In 2018, Lamb was the center of the Democratic universe. He raised $9 million in the Democratic Party’s effort to shine national attention on GOP vulnerabilities and hand Trump a House loss. Since January of this year, Lamb has raised $740,000 and has $563,000 cash on hand.
As a candidate, Lamb ran on a moderating message and avoided any support for impeachment. He benefited largely from union family support, something his Republican opponents were unable to capitalize on in the same way Trump did when he won the district by 2.5 percentage points.
On Thursday, Lamb cast a yes vote for an impeachment inquiry of the president.
Since the beginning of the 116th Congress, Lamb has voted over 90 percent of the time against legislation backed by Trump, which is probably why Trump publicly urged Parnell to challenge Lamb when he was speaking at the Shale Insight conference in Pittsburgh last week.
“It looks like PA 17 is going to have a true race in 2020,” said Jeff Brauer, political science professor at Keystone College. “This race very well could become a bellwether race that will draw national interest and attention.”
In short, if Parnell is ahead or closing in on Lamb for the western Pennsylvania seat, then Trump will likely win the Keystone State at the top of the ticket. Democratic presidential candidates cannot win Pennsylvania without western Pennsylvanian support, and they cannot win the presidency without Pennsylvania.
Brauer noted that in Lamb’s first two victories, he positioned himself as a moderate in an area where Trump garnered and maintains significant support. “Lamb avoided running against Trump as much as possible, and he even claimed that he liked Trump,” Brauer said. “However, since taking office, Lamb’s actions and voting record have been to the contrary, as he has been a highly reliable Democratic vote for the House majority.”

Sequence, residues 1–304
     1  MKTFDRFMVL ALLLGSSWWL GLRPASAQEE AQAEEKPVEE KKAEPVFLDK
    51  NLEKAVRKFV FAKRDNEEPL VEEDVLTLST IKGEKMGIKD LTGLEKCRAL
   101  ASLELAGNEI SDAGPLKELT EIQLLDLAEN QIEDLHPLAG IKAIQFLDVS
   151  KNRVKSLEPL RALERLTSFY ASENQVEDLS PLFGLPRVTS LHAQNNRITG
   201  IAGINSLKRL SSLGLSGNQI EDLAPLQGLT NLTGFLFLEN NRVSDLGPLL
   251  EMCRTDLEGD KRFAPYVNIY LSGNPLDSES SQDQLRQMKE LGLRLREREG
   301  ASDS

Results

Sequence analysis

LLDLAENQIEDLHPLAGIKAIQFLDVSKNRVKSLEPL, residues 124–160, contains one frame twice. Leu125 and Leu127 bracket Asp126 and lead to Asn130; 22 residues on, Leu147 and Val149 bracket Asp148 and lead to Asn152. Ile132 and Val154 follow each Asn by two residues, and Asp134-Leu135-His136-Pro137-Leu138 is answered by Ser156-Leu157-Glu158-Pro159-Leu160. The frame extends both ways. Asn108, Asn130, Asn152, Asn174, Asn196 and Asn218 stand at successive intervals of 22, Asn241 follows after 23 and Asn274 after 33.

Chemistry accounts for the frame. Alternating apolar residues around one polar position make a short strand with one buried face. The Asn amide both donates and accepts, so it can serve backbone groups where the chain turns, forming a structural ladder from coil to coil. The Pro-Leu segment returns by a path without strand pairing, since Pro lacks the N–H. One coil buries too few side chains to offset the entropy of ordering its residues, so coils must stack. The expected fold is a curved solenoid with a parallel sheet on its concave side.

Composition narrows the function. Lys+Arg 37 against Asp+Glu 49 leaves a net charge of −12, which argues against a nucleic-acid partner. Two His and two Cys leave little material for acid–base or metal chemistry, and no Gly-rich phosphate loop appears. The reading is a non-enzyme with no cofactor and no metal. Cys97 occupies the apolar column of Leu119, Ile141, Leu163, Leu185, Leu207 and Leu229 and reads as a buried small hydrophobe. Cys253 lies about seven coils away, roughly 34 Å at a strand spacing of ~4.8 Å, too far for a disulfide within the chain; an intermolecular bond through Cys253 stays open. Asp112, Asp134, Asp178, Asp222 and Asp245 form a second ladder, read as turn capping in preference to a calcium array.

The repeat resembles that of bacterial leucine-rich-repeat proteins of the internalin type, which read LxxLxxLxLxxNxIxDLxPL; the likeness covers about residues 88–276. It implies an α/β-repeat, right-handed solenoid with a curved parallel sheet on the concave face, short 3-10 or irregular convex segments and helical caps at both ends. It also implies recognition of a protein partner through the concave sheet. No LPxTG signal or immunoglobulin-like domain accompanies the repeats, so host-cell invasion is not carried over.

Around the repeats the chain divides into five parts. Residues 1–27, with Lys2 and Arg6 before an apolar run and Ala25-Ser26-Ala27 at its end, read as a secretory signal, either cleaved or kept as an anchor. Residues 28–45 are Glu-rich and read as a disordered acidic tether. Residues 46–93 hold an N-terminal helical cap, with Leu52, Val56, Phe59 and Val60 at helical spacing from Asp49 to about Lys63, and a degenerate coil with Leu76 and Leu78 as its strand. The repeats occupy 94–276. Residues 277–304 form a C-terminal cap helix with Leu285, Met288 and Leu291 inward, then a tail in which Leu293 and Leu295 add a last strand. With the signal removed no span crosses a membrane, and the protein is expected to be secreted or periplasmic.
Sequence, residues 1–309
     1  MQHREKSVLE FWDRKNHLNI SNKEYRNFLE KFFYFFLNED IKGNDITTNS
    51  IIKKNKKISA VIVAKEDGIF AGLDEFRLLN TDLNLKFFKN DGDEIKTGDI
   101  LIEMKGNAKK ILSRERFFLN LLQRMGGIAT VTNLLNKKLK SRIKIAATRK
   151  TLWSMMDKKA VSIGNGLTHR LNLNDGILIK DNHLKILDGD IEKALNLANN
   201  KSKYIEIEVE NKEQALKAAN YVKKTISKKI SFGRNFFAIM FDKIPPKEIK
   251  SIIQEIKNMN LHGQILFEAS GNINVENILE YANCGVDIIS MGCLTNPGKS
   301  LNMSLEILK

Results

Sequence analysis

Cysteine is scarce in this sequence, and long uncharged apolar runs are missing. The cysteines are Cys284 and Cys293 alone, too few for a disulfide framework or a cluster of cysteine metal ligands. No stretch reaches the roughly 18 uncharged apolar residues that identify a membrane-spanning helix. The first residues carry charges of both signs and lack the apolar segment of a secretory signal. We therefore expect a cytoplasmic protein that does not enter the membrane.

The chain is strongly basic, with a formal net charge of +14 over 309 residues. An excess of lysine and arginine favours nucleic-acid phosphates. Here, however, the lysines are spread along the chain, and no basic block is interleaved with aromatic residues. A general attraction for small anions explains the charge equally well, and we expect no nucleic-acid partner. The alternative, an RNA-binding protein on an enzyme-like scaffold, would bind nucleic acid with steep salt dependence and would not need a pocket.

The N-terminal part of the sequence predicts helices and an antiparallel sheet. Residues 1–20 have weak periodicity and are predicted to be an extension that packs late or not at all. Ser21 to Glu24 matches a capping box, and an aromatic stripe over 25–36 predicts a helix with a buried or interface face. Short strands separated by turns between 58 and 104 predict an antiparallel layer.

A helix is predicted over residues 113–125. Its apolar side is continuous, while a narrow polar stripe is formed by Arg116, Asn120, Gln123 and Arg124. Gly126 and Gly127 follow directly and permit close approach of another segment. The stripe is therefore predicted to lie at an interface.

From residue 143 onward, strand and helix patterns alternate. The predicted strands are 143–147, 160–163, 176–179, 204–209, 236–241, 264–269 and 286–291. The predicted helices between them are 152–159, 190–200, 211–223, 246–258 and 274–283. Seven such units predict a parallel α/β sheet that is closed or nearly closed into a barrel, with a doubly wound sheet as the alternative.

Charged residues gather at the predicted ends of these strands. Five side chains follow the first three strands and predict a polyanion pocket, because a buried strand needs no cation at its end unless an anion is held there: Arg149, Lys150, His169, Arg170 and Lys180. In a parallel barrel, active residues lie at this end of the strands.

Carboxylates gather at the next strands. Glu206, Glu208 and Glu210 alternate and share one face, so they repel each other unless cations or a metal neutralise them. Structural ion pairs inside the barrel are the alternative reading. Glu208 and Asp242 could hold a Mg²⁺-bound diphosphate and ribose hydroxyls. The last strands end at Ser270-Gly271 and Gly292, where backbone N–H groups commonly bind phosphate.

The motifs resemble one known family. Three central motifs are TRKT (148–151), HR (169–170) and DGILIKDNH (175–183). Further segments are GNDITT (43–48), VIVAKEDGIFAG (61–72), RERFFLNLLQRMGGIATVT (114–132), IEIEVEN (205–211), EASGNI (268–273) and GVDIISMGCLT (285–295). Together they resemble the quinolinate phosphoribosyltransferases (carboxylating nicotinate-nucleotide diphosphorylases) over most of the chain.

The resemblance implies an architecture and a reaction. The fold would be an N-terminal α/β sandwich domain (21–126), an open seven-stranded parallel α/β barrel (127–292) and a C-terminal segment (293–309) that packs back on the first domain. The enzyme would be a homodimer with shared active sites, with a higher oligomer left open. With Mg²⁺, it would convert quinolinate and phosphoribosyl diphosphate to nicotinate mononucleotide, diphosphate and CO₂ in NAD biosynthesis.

This past week, Lamb voted with the Democrats on a Republican effort to prevent future presidents from banning fracking, a game-changing economic driver in western Pennsylvania.
“This time, Lamb will be running against a peer,” said Brauer. “In his first two elections, he ran against older, less charismatic opponents with whom he was able to easily draw a contrast. Parnell is also a young, charismatic millennial, as well as a veteran.”
Brauer said Parnell can also run as a Washington outsider, as he hasn’t run for office before. “Therefore, he can contrast himself to the Lamb family political dynasty. In many ways, Lamb will meet his match with Parnell,” he said.
Brauer also said 2020 turnout will be a different animal than a midterm turnout. “This will be Lamb’s first election during a presidential year. Special election turnouts are generally low, and midterm election turnouts are usually in the 40 percent range, though 49 percent in 2018 was on the higher side than usual, while presidential elections draw in the mid-50s to lower 60s.”
A higher turnout with an incumbent president of the opposite party who had previously won the state and the district at the top of the ticket will likely hurt Lamb’s chances and bolster Parnell’s, said Brauer. “With all that said, Lamb still will have the advantages of incumbency, as well as a district that was made more Democratic with the court-drawn map,” he added.
Zito is a CNN political analyst, and a staff reporter and columnist for the Washington Examiner.